- The Washington Times - Friday, December 8, 2017

An attorney for Paul Manafort is fighting back against the special counsel’s accusation that his client violated a federal judge’s gag order by helping draft an editorial defending his prior work in Ukraine — arguing that prosecutors would seek to prevent him from even maintaining his innocence.

Prosecutors from Robert Mueller’s special counsel team raised questions about the op-ed earlier this week while negotiating a bail package for the former Trump campaign chairman.

Judge Amy Berman Jackson had previously ordered all parties involved in the case “to refrain from making statements to the media or in public settings that pose a substantial likelihood of material prejudice to this case.”

Evangelist Franklin Graham calls impeachment hearing 'a day of shame for America'
Majority of voters now oppose impeachment: Quinnipiac poll
Senate confirms openly gay Trump nominee to 9th Circuit

Prosecutors were concerned that Mr. Manafort, who was charged with multiple criminal counts, including conspiracy to commit money laundering and failure to file proper financial disclosures, was working to ghostwrite an editorial that “clearly was undertaken to influence the public’s opinion.”

In court filings, defense attorney Kevin Downing wrote that the special counsel’s interpretation of the gag order went too far, and would “unconstitutionally vitiate Mr. Manafort’s rights to defend himself and his reputation, and to correct the public record.”

“The Special Counsel’s standard would lead to the constitutionally untenable conclusion that a defendant is not even allowed to maintain his or her innocence when such an order is entered because, by doing so, that statement might influence the public’s opinion,” Mr. Downing wrote in a six-page brief filed in court late Thursday. “In the Special Counsel’s view, Mr. Manafort is apparently never allowed to set the factual record straight. … He must simply remain silent while his reputation is battered, and potential jurors in this District might be tainted.”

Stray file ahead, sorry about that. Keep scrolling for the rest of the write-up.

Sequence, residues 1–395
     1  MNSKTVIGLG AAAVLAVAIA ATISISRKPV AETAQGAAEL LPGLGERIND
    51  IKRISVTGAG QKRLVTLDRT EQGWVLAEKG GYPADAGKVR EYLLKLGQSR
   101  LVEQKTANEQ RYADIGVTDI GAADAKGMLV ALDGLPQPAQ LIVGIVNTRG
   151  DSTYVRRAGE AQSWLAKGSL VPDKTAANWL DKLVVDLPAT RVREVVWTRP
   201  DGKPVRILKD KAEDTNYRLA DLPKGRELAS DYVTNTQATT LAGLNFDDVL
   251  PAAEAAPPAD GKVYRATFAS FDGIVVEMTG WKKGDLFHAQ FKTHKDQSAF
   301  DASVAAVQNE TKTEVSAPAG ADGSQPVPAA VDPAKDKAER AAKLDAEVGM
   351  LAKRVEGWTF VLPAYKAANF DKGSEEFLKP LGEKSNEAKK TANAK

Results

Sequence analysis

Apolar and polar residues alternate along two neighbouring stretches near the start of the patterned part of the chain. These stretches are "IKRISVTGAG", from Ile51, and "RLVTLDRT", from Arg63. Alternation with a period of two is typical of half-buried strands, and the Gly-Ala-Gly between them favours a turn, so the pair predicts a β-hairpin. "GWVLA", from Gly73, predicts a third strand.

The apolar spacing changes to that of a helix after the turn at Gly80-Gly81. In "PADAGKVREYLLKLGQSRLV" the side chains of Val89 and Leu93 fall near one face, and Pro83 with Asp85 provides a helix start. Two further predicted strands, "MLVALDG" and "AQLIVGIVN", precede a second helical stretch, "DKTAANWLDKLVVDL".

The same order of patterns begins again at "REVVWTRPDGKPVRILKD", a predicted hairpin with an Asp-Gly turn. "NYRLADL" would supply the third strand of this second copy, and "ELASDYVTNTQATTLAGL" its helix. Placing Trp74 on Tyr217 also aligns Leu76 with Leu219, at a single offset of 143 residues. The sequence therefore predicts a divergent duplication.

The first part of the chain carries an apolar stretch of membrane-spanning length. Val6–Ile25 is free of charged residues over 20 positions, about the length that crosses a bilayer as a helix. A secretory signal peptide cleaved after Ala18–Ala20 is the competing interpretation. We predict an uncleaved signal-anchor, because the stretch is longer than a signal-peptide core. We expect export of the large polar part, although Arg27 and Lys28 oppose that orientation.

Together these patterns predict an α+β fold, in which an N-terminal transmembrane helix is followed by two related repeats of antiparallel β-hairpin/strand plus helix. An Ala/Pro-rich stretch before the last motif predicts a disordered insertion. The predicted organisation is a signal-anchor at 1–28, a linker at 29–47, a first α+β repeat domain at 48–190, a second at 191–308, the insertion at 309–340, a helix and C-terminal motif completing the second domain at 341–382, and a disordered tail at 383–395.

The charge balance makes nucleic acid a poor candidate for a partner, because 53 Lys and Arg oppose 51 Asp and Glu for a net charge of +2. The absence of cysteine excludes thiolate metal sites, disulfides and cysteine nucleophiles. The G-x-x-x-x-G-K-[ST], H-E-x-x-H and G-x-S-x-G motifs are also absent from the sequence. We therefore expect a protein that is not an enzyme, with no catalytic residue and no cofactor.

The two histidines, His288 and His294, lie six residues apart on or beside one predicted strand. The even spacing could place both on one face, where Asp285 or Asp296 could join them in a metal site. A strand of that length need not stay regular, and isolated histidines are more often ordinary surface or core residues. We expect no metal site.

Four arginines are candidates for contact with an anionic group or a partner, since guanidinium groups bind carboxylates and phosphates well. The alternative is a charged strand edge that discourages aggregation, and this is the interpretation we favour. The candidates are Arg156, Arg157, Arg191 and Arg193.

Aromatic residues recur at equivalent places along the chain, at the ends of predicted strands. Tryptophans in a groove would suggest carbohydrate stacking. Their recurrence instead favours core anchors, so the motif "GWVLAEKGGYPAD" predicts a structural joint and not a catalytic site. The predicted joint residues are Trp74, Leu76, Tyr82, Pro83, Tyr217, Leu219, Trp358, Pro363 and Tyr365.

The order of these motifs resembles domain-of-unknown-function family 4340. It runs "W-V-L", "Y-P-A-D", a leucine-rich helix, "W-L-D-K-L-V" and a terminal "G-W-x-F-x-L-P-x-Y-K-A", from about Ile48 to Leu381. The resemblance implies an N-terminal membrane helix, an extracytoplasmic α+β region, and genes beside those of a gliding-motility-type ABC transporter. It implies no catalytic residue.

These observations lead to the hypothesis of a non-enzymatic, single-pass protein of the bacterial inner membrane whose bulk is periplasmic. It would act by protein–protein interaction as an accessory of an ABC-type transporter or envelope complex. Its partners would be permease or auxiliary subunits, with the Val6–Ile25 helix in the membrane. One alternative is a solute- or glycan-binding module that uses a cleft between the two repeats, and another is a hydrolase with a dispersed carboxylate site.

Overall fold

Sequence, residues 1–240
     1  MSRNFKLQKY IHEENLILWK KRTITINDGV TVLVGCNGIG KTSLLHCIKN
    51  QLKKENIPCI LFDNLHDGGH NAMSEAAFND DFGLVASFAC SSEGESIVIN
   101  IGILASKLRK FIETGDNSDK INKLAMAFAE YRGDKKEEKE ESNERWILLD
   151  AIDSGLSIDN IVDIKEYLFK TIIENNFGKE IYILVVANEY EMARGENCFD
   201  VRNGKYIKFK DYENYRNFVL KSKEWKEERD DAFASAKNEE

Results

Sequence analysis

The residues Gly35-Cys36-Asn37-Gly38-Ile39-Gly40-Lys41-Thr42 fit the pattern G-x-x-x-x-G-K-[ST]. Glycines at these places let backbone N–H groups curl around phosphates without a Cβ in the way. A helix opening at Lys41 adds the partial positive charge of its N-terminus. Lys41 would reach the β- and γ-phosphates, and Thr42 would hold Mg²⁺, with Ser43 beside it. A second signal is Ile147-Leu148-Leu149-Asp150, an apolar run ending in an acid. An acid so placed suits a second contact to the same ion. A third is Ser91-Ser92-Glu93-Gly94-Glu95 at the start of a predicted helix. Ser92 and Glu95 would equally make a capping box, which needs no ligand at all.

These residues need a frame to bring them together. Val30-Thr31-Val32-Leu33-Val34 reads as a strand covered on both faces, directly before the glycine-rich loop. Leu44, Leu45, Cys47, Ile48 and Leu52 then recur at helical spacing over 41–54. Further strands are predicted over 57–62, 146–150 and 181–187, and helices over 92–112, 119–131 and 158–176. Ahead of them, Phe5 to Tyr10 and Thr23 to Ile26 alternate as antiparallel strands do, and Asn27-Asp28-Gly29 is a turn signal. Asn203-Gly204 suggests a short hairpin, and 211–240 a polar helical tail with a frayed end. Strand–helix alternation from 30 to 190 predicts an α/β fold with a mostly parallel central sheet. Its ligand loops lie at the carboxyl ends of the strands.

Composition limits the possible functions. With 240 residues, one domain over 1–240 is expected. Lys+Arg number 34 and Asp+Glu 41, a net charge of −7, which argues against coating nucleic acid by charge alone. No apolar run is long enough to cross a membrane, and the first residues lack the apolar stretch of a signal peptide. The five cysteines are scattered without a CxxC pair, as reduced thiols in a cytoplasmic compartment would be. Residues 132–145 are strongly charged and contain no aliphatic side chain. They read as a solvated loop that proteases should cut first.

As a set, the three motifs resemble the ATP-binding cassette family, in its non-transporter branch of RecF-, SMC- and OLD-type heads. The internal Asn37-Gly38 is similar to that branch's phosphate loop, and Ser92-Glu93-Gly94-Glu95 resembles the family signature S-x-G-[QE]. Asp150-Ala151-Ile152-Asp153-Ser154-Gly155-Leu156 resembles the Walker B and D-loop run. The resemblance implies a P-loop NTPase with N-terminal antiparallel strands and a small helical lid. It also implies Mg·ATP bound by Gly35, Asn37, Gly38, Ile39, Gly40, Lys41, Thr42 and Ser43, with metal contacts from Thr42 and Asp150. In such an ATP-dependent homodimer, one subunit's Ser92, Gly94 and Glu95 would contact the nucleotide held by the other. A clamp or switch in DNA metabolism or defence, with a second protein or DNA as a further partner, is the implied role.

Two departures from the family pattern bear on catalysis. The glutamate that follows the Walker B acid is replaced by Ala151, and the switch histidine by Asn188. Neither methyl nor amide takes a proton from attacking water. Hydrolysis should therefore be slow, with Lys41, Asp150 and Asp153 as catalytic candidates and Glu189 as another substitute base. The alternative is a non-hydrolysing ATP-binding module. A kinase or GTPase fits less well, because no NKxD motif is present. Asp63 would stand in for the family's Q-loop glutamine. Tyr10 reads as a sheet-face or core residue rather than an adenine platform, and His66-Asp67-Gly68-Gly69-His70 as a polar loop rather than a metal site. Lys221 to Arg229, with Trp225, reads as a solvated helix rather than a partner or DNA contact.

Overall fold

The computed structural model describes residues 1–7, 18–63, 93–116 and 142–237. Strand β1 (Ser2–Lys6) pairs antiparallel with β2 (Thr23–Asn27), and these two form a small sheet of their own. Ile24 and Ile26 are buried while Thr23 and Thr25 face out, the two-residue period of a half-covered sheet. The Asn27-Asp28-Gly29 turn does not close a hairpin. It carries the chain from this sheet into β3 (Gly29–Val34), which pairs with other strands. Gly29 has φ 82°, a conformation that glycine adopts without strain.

Since Mr. Manafort’s Oct. 30 indictment, he has been held on house arrest and subject to GPS monitoring. He was in the process of arranging a multimillion dollar bail package in securing his release when the special counsel balked at the proposed arrangement after learning of his work on the op-ed.

Mr. Manafort had helped to fact-check the editorial, which was not targeted toward an American audience and has since been published in the Kiev Post, according to Mr. Downing.

“The Special Counsel’s opposition — devoid as it is of both legal analysis and legal precedents — claims that Mr. Manafort has engaged in wrongdoing when all he has tried to do is to correct the public record in Ukraine concerning his consulting activities in Ukraine,” Mr. Downing wrote.

The op-ed was written by Oleg Voloshin, a former spokesperson for the Ministry of Foreign Affairs of Ukraine. An editor’s note attached to the op-ed states that Mr. Voloshin told the Kyiv Post that he wrote the op-ed himself, and before its publication shared it with Mr. Manafort and his longtime associate Konstantin Kilimnik for fact-checking.

“It is totally mine,” Mr. Voloshin said in the editor’s note. “Paul has absolutely nothing to do with it.”

The editorial credit’s Mr. Manafort’s work with then Ukrainian President Viktor Yanukovych for strengthening the country’s relationship with the European Union.

“One shouldn’t ignore the fact that Ukraine under Yanukovych made a number of major steps towards the EU and the West in general,” Mr. Voloshin wrote. “And that Manafort was among those who made those paradoxical accomplishments real.”

Mr. Downing said noting in the editorial would violate the court’s order and that the court should approve the previously drafted bail package.

Under the proposed agreement, which was initially reached in conjunction with Mr. Mueller’s legal team, Mr. Manafort would have no longer been subject to house arrest or GPS monitoring. He could travel to Florida, New York, Virginia and Washington, D.C., but would need prior court approval to travel elsewhere inside the United States.

In exchange for more freedom, Mr. Manafort would agree to forfeit four properties worth a collective $11.65 million. The properties include his Alexandria home, worth $2.7 million; a $4 million residence in Bridgehampton, New York; a $1.25 million Palm Beach Gardens, Florida, home; and a Manhattan condo worth $3.7 million.

Sign up for Daily Newsletters

Manage Newsletters

Copyright © 2019 The Washington Times, LLC. Click here for reprint permission.

Please read our comment policy before commenting.


Click to Read More and View Comments

Click to Hide